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Proposals to reform the European Court of Human Rights would be a 'huge step backwards for justice'

The British government has proposed changes to the jurisdiction of the European Court of Human Rights (ECtHR) which would reverse progress towards access to justice for individuals challenging state power across Europe, Amnesty International said today.

The proposed changes to the scope of the European Court of Human Rights’ powers would reduce scrutiny of governments, undoing much of what has been achieved in advancing human rights protections across Europe over recent decades. During its Chairmanship of the Council of Europe, the British government has made plain its intention to stem the power and scope of the Court. In a leaked draft document called the “Brighton Declaration”, the British government has set out ways in which the Court could be changed and its powers reduced.

In an open letter to the member states of the Council of Europe, Amnesty International, along with other leading human rights organisations, raised serious concerns over the measures proposed in the Brighton Declaration, arguing that they would damage the integrity and authority of the European Court of Human Rights and restrict individuals’ access to the Court.

Whilst aspects of the draft proposals were welcomed by Amnesty, such as the need to improve implementation of human rights within countries domestically so that fewer cases need to be considered by the ECtHR in the first place, Amnesty also expressed concerns about the fact that the changes could lead to a system which left vulnerable individuals in countries such as Russia, Turkey, Poland and Bulgaria, open to abuse without recourse.

Tara Lyle, Policy Adviser at Amnesty International UK, said:

“It is clear that the British government are thinking exclusively of the decisions which have gone against them and are lashing out to prevent the Court from further perceived interference. In fact the Court only rarely overturns decisions of the UK Courts.

“In order to diminish the powers of the European Court in Britain, the British government is prepared to champion changes that could have a devastating effect on the future of the European human rights system which provides vital protection for people in countries like Russia - which has an appalling human rights record.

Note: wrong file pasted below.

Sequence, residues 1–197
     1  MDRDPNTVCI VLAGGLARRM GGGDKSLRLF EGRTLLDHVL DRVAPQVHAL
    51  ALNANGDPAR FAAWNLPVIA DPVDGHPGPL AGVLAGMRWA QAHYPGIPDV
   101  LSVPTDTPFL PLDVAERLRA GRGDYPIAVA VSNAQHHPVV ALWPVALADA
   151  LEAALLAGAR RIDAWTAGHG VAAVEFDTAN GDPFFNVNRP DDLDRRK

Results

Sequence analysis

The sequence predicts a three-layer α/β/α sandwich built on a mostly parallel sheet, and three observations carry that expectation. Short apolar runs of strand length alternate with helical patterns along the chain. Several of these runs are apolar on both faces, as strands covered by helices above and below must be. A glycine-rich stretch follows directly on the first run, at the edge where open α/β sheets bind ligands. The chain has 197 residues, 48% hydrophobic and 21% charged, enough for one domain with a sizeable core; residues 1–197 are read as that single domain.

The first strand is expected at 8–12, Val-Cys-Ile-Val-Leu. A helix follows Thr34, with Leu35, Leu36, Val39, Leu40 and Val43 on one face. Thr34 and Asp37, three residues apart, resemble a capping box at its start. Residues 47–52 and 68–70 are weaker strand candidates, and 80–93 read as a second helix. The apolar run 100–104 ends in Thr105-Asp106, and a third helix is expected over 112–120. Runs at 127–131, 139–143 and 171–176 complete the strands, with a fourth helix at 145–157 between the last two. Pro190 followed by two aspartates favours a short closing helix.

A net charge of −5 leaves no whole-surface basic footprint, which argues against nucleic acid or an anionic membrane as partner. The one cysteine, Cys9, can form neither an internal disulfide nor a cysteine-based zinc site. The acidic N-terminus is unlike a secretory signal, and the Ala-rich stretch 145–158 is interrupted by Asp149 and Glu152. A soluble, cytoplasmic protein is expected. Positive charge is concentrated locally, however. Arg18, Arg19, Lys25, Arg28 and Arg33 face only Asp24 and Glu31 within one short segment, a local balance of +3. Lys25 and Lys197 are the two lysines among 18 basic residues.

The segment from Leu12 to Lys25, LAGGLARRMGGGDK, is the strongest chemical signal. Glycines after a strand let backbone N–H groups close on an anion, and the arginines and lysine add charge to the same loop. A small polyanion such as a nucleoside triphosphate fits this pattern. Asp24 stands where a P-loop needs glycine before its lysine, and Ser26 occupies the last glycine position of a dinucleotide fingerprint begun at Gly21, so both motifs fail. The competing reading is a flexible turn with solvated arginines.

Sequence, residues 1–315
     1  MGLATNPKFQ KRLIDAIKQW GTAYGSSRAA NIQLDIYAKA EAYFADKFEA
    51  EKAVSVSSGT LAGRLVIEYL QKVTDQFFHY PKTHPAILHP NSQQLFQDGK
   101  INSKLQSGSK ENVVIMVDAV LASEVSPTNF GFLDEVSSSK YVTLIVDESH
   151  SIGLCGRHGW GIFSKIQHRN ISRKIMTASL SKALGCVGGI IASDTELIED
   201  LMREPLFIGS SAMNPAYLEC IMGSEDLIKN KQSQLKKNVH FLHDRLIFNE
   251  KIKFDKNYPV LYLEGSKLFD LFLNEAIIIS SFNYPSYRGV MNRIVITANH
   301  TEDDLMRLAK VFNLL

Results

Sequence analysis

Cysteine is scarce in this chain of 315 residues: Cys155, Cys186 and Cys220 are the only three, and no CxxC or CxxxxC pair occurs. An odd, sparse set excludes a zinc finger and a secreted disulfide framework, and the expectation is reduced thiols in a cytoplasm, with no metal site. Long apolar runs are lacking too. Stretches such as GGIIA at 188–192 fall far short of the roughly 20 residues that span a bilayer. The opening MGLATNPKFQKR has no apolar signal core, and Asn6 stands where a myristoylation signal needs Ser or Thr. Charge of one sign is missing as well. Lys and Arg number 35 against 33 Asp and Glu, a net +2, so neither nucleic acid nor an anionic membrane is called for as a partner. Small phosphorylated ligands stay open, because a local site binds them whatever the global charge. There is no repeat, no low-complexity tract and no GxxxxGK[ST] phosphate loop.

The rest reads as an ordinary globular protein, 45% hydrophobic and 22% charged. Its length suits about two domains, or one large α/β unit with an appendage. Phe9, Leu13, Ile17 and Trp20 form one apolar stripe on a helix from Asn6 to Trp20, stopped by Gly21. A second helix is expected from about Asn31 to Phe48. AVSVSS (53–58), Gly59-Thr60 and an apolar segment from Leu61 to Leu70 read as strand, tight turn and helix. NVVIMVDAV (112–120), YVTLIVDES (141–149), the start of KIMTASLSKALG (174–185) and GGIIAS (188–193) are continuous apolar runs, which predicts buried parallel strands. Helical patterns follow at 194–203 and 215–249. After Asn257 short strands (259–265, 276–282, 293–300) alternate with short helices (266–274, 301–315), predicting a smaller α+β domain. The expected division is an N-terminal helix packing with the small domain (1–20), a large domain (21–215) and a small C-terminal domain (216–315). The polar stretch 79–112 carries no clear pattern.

“The Prime Minister is selling people in Europe down the river, because he doesn’t want to have to subject the decisions made in British courts to the scrutiny of a moderator.”

Whilst cases from Britain account for only 2.4% of the cases reviewed by the ECtHR, over 25% come from Russia. Collectively, Russia, Turkey, Italy, Romania, Ukraine, Serbia, Poland and Bulgaria account for more than 50% of the Court’s caseload.

A copy of the Declaration was leaked to the press last week. Amnesty and other leading human rights organisations were not consulted over the draft text. In the letter to the member states of the Council of Europe the coalition of human rights organisations condemned the complete lack of transparency surrounding the current negotiations of the draft Brighton Declaration.


The UK Chairmanship of the Council of Europe will hold a High Level Ministerial Conference on the Future of the European Court of Human Rights in Brighton from 18 to 20 April 2012. This Conference will adopt the “Brighton Declaration”, containing a package of measures for reforming the Court, including through proposed amendments to the European Convention on Human Rights.

The first draft of the Declaration was circulated to member states on 23 February 2012, with the formal negotiations having started on 5 March 2012.

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